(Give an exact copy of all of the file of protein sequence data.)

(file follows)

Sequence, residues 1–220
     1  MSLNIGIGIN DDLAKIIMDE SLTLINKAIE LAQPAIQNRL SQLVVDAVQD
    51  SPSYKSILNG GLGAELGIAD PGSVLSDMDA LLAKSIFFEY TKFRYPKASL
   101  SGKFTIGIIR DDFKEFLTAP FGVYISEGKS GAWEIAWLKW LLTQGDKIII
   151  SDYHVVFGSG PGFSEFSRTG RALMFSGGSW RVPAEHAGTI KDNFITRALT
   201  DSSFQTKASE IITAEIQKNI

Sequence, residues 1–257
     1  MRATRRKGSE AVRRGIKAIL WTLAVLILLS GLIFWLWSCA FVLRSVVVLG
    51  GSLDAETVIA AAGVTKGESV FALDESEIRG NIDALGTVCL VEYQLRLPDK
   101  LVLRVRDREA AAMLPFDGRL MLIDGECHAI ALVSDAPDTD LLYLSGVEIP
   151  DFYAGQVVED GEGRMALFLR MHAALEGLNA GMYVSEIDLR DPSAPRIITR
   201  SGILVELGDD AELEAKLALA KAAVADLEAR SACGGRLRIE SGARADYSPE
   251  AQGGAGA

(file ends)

Sequence, residues 1–220
     1  MSLNIGIGIN DDLAKIIMDE SLTLINKAIE LAQPAIQNRL SQLVVDAVQD
    51  SPSYKSILNG GLGAELGIAD PGSVLSDMDA LLAKSIFFEY TKFRYPKASL
   101  SGKFTIGIIR DDFKEFLTAP FGVYISEGKS GAWEIAWLKW LLTQGDKIII
   151  SDYHVVFGSG PGFSEFSRTG RALMFSGGSW RVPAEHAGTI KDNFITRALT
   201  DSSFQTKASE IITAEIQKNI

Sequence, residues 1–257
     1  MRATRRKGSE AVRRGIKAIL WTLAVLILLS GLIFWLWSCA FVLRSVVVLG
    51  GSLDAETVIA AAGVTKGESV FALDESEIRG NIDALGTVCL VEYQLRLPDK
   101  LVLRVRDREA AAMLPFDGRL MLIDGECHAI ALVSDAPDTD LLYLSGVEIP
   151  DFYAGQVVED GEGRMALFLR MHAALEGLNA GMYVSEIDLR DPSAPRIITR
   201  SGILVELGDD AELEAKLALA KAAVADLEAR SACGGRLRIE SGARADYSPE
   251  AQGGAGA